In World War Two, the Libyan port of Benghazi was hard fought over, changing hands five times between Erwin Rommel’s Afrika Korps and the Allied forces. Seventy years on, the city has again become the focus of a fierce battle, this time between Republicans and Democrats over the terrorist attack that killed Ambassador Christopher Stevens and three other Americans on Sept. 11, 2012.
Harvard professor Niall Ferguson’s belief, caught on the hop, that John Maynard Keynes’s homosexuality and lack of children led to recklessness when it came to the effects of his economic theories is widespread among conservatives, though few are foolish enough to express it out loud. At a conference in California last week, the prolific contrarian Ferguson “asked the audience how many children Keynes had. He explained that Keynes had none because he was a homosexual and was married to a ballerina, with whom he likely talked of ‘poetry’ rather than procreated.” Keynes’s lack of children and grandchildren, Ferguson implied, is why he blithely proposed large-scale long-term debt.
Remember the sequester? When seven weeks ago the deadline to find a federal budget compromise came and went, there was much handwringing in Washington. In the event that no agreement was found there were to be cuts to public spending so severe and painful that no one would dare fail to agree. To deter Republicans from holding out, half the immediate spending savings of $85.4 billion was to be found from the defense budget, and, to ensure Democrats would work to find a deal, half from annually funded federal programs. Despite these encouragements to fiscal discipline, the March 1 deadline came and went.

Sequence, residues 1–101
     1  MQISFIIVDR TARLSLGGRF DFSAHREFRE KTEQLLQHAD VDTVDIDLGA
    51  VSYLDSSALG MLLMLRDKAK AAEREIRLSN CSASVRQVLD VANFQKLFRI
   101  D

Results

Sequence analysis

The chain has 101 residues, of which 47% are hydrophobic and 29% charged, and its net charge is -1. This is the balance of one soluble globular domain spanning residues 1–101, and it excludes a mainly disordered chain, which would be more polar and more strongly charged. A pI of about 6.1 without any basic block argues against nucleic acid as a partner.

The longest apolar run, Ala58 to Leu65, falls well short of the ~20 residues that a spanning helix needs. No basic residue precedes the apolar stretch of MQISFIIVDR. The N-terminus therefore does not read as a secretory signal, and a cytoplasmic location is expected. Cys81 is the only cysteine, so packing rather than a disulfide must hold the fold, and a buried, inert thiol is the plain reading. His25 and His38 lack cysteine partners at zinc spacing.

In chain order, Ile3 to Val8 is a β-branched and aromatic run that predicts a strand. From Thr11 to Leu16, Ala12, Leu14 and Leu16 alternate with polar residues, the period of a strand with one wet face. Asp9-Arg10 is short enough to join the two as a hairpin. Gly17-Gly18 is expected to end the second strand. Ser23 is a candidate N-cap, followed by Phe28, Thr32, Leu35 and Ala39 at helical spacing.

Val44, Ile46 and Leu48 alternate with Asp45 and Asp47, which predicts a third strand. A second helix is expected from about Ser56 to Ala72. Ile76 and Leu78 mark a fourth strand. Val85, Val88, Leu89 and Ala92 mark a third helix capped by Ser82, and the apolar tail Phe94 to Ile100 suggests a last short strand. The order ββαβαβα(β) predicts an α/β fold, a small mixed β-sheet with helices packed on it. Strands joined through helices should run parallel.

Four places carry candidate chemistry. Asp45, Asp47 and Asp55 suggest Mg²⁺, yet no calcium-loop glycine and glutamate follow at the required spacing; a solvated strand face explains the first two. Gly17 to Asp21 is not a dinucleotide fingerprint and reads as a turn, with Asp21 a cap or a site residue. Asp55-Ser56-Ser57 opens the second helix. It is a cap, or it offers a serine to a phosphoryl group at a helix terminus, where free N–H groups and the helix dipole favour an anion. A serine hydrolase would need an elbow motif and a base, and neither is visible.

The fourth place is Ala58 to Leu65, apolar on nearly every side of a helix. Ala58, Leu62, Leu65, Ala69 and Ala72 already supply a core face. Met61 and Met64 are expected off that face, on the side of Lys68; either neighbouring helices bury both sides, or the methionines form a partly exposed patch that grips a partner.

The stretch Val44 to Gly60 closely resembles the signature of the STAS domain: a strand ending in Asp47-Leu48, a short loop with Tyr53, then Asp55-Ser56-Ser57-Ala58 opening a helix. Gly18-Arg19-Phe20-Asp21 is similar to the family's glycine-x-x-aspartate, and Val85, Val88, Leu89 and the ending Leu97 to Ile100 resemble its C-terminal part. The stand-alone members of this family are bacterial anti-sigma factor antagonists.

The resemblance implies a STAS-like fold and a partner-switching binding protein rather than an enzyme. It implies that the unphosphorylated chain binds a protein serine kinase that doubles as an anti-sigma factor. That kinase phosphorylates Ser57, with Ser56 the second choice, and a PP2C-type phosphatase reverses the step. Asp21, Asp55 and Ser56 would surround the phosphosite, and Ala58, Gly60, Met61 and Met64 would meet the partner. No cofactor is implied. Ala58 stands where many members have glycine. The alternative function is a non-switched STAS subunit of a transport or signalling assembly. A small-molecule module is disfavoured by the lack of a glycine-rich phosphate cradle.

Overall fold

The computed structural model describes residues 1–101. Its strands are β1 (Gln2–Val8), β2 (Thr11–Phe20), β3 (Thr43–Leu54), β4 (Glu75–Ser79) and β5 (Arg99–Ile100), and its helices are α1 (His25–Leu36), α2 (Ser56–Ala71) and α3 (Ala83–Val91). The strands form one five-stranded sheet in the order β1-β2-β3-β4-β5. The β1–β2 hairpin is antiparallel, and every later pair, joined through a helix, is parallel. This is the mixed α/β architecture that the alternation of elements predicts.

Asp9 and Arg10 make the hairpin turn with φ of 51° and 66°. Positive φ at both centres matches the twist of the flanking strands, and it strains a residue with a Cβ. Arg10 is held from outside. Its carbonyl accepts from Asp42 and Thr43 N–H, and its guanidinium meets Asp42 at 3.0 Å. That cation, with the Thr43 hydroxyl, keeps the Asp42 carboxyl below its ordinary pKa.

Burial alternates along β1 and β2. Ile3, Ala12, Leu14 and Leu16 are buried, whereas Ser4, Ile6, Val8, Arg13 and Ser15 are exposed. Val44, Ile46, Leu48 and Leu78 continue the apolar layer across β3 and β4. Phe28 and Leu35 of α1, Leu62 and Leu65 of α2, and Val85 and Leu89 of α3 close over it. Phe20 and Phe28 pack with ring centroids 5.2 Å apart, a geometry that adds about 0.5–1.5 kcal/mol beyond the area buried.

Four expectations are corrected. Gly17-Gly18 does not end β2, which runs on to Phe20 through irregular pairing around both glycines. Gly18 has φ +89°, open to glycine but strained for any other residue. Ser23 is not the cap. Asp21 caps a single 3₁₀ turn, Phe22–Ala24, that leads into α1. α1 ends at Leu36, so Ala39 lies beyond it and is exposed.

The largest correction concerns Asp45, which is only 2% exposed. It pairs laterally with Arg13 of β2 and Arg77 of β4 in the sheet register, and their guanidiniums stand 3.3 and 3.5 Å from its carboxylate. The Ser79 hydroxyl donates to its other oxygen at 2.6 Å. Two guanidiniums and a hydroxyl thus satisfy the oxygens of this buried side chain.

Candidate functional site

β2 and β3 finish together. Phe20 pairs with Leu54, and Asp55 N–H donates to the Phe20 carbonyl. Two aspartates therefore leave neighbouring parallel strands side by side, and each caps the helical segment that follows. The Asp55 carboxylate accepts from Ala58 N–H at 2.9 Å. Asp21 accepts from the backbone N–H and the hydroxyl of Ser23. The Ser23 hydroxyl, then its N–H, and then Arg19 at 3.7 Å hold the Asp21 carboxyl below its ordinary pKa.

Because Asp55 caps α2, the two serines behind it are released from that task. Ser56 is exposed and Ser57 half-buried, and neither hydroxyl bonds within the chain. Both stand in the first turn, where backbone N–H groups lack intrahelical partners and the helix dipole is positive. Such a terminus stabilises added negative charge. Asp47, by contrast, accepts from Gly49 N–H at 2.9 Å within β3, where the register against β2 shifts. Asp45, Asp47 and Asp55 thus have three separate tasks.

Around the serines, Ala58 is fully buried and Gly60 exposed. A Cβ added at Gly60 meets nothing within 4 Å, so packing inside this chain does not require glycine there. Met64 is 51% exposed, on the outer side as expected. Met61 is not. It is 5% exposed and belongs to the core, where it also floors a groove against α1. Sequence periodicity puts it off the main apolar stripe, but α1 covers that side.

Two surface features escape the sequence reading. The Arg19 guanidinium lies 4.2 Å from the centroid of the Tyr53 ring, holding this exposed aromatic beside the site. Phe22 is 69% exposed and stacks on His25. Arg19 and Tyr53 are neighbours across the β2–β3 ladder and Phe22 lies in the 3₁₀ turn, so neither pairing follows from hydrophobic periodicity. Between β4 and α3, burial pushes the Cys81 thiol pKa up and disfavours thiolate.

The dramatic slide in the price of gold in the past week has reversed a rise that for more than a decade has been steady and seemingly inexorable. The sudden fall ‑ in which prices plummeted 9 percent, to $1,347.40 an ounce, on Monday, the biggest two-day loss percentage since 1983 ‑ has put goldbugs, who are by definition pessimistic lovers of certainty, into a state of high anxiety. When the commodity of last resort so conspicuously fails to hold its value, the world becomes scarier place.
It may not feel like it, but we are closer to nuclear war than at any time since the Cuban missile crisis of 1962. The temptation to dismiss the North Korean dictator Kim Jong-un as a cartoonish figure of fun belies the real and present danger his samurai sword rattling presents. A strange time, then, for Defense Secretary Chuck Hagel to set out on the most thorough reappraisal of our defense spending since the end of Vietnam.
When Margaret Thatcher met Ronald Reagan in April 1975, neither was in their first flush of youth. She was 50 and he 65. She was the leader of Britain’s opposition; he a former governor of California. It was by no means obvious that either would win power. They bonded instantly.
David Stockman makes a good Cassandra. His The Great Deformation: The Corruption of Capitalism in America is a popular account of why all economic policy since Calvin Coolidge and Herbert Hoover has been wrongheaded. It is a contrarian’s delight. The New Deal “did not end the Great Depression or save capitalism from the alleged shortcomings which led to the  crash.” Richard Nixon’s decision to unharness the dollar from the gold standard was “a sin graver than Watergate.” Milton Friedman, once a conservative saint but recast by Stockman as “a supposed hero,” is dismissed as “foolish.” He assaults Paul Ryan’s budget as “another front in the GOP’s war against the 99 percent.” He even accuses his old boss Ronald Reagan, a conservative paragon, of being fatally mistaken about slashing personal taxes and about encouraging “the highest peacetime spending share of GDP.”
Isolationism is back in the news. The big thinkers of the Tea Party, in their pursuit of slashing taxes, lowering public spending, and severely shrinking the size and power of the federal government, have revived an idea that has not been respectable among senior Republicans for more than 70 years. Senator Rand Paul of Kentucky believes that, to encourage more young people to vote for the GOP, the party should stop chasing divisive social issues, like incarcerating people for petty drug offenses, and take up civil liberties issues, like protecting American suspected terrorists on American soil from being summarily executed by American drones.